Artist: Günter Schickert
Label: Sky Records
Catalog#: SKY 032
Format: Vinyl
Country: Germany
Released: 1979
A1 Puls 14:39
A2 In Der Zeit 5:10

Brigitta Nabucet - Vocals

B1 Apricot Brandy II 11:50
B2 Wanderer 9:50

Charles M. Heuer - Drums, Vocals
Günter Schickert - Guitar, Vocals, Producer, Composed By

Strawberry Bricks Entry:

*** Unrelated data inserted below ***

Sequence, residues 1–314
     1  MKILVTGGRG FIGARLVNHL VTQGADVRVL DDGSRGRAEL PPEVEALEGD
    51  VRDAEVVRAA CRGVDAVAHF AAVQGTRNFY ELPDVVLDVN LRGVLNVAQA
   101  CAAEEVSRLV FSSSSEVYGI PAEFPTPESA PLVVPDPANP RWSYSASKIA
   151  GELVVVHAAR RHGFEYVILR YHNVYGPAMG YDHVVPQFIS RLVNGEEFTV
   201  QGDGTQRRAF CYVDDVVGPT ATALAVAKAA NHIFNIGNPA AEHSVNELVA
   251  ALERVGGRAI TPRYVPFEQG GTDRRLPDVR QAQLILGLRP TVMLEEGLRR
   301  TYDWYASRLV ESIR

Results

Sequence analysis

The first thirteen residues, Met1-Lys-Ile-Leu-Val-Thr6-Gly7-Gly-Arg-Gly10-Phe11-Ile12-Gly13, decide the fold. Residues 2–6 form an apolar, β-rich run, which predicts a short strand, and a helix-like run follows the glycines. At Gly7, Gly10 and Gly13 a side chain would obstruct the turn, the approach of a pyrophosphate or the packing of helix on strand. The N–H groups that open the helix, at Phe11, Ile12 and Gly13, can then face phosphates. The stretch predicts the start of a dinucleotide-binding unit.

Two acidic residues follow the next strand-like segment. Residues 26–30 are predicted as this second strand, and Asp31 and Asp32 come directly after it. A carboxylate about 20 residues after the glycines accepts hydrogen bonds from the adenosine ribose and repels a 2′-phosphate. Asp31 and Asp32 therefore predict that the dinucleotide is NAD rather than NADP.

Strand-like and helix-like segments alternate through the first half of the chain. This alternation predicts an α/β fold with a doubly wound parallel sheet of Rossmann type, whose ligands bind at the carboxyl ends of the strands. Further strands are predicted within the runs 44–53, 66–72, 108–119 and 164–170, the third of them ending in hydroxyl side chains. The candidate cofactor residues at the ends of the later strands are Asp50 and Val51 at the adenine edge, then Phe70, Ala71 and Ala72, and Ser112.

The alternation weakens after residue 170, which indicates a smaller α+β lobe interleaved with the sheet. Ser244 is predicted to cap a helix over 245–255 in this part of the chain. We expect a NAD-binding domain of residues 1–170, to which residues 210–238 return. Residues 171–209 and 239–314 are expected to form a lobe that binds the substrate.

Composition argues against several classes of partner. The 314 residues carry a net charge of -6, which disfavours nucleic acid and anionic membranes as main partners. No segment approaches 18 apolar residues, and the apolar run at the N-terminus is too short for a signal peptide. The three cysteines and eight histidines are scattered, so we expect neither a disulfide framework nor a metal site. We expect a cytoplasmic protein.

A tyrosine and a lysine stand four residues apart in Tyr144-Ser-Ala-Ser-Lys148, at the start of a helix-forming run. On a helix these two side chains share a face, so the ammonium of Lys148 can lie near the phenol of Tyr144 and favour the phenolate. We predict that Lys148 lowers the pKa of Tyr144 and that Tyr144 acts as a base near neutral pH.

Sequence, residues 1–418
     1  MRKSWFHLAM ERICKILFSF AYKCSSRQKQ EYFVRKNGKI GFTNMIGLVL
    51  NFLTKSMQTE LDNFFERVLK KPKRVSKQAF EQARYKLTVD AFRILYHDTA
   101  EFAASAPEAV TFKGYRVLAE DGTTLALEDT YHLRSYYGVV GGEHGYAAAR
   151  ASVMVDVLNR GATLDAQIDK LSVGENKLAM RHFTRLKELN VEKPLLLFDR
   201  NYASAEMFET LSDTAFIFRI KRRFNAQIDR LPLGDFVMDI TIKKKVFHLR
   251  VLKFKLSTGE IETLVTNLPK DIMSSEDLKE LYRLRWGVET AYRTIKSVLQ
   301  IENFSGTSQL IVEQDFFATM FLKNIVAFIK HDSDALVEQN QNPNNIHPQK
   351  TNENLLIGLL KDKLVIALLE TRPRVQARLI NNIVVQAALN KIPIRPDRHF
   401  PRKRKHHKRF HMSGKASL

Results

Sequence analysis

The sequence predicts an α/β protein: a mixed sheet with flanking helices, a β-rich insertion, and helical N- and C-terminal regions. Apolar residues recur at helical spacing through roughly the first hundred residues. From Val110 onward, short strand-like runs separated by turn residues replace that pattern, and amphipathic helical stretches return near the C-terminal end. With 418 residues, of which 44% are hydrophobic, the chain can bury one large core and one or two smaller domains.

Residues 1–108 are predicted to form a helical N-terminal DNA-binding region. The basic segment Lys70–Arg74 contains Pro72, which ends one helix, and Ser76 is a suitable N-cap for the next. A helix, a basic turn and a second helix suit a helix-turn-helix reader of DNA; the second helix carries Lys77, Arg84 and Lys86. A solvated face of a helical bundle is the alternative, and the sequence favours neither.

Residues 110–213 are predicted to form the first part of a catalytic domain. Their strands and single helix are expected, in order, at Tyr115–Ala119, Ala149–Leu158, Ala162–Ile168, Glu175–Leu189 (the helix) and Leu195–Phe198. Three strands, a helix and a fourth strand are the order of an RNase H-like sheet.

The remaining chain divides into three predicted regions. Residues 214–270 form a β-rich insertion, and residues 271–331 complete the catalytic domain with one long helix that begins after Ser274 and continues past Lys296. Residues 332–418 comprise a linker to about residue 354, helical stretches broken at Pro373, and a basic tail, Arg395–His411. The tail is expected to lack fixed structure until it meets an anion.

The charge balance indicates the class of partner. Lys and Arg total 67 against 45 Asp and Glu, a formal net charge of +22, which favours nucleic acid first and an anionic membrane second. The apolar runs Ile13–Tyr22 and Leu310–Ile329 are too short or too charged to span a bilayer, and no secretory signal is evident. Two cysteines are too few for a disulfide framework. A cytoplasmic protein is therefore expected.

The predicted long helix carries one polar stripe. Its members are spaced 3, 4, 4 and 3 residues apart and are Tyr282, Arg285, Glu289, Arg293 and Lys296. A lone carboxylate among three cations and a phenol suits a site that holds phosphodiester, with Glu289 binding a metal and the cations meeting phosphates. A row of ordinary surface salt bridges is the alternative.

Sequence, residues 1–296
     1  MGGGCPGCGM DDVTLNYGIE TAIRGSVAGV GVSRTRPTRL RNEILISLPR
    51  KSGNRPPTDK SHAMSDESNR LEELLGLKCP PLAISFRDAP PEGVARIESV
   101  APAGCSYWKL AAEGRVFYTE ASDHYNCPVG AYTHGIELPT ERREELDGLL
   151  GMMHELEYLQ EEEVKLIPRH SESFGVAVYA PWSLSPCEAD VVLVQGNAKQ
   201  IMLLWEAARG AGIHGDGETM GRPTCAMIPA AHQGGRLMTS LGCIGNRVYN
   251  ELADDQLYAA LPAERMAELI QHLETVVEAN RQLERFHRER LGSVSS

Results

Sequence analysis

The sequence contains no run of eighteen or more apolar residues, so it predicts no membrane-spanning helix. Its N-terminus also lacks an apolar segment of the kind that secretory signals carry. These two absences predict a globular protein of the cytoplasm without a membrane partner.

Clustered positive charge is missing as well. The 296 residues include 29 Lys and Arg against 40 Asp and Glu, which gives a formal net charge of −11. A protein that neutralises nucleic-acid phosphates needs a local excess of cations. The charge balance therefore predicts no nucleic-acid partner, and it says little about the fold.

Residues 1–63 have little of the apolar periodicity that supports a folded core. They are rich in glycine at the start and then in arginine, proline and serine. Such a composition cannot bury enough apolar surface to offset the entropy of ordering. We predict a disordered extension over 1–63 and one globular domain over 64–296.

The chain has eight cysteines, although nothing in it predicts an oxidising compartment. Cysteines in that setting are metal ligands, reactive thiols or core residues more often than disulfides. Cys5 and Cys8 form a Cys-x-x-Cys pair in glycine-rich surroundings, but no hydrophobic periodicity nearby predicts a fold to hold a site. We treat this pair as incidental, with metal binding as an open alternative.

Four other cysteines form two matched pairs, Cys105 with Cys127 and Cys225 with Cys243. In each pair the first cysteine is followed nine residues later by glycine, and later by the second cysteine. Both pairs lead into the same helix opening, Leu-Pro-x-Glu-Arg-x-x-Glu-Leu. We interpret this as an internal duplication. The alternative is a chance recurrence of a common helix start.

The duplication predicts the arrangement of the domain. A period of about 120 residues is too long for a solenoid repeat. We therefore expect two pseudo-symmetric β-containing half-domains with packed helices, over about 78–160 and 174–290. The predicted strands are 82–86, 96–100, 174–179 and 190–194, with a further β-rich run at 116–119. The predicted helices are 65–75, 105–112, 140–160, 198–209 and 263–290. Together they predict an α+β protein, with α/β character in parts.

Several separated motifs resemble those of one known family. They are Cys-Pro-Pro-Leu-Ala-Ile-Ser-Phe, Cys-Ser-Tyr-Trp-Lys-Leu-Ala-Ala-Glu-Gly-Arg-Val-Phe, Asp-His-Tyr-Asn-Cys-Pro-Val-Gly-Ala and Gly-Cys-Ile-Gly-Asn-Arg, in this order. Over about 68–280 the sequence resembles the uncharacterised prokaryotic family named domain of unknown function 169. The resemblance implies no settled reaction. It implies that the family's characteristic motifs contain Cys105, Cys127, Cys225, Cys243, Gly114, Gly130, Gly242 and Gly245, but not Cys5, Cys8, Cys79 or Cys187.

Another musician who cut his teeth in Berlin's Zodiak Free Arts Lab in the late 60s, guitarist Günter Schickert was a fixture in the city during the 1970s. Armed with a Dynacord Echo machine, he was also a pioneer of echo guitar, in the vein of his contemporary Achim Reichel. In 1974, he recorded his first album, Samtvogel ("Velvet Bird"). Although initially a private pressing, it was picked up and reissued by the Brain label in 1976. A purely analog effect, the looping of guitar parts through both echo-effect and a series of tape recorders produced an entrancing sound; but Schickert's subject matter was rather dark and decidedly noncommercial. Around the same time, he was working with Klaus Schulze as a guitarist and tour-hand, and also assisting with the Far East Family Band recordings; the pair even recorded an (unreleased) album. Schickert then formed GAM in 1976, with guitarist Axel Struck and bassist Michael Leske—musicians he had known for many years. The band recorded an album, Eiszeit, in 1978, but it too went unreleased; and eventually, the group collapsed. By the late 70s, Schickert met drummer Manfred Heuer, which led to the aptly titled Überfällig ("Overdue") record, released by Sky Records in 1979. "Puls" opens the album, with its guitar and percussion locked into a hypnotic groove; nothing sounds quite like this, nor is anything as seductive or timeless. The simple "In der Zeit" offers a vocal, the track's melody as haunting as its sparse arrangement. Clocking in at almost 12 minutes, "Apricot Brandy II" reprises a track from Schickert's previous record, but here with significantly more mass. The clicking rhythm keeps things from going sideways, as Schickert piles on vocals and effects through the echo machine—all rising in a glorious cacophony of sound. "Wanderer" closes the album; and it's a beguiling journey, drifting down a dark, untraveled road. Indeed, Überfällig is both a timeless treat and sonic marvel. Schickert would remain active in the Berlin music and theater scene; but recordings would, as always, remain few and far between.
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